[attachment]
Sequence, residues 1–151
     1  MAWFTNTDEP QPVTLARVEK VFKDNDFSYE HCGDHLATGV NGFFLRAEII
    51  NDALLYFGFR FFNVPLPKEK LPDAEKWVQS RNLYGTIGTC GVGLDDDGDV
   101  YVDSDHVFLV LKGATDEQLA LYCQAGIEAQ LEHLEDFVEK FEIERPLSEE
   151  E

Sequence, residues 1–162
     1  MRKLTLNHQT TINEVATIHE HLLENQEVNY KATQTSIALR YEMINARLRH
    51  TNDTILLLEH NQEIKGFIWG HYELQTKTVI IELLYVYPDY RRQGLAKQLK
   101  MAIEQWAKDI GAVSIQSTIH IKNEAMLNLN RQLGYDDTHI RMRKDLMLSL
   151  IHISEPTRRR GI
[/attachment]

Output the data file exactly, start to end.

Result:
Sequence, residues 1–151
     1  MAWFTNTDEP QPVTLARVEK VFKDNDFSYE HCGDHLATGV NGFFLRAEII
    51  NDALLYFGFR FFNVPLPKEK LPDAEKWVQS RNLYGTIGTC GVGLDDDGDV
   101  YVDSDHVFLV LKGATDEQLA LYCQAGIEAQ LEHLEDFVEK FEIERPLSEE
   151  E

Sequence, residues 1–162
     1  MRKLTLNHQT TINEVATIHE HLLENQEVNY KATQTSIALR YEMINARLRH
    51  TNDTILLLEH NQEIKGFIWG HYELQTKTVI IELLYVYPDY RRQGLAKQLK
   101  MAIEQWAKDI GAVSIQSTIH IKNEAMLNLN RQLGYDDTHI RMRKDLMLSL
   151  IHISEPTRRR GI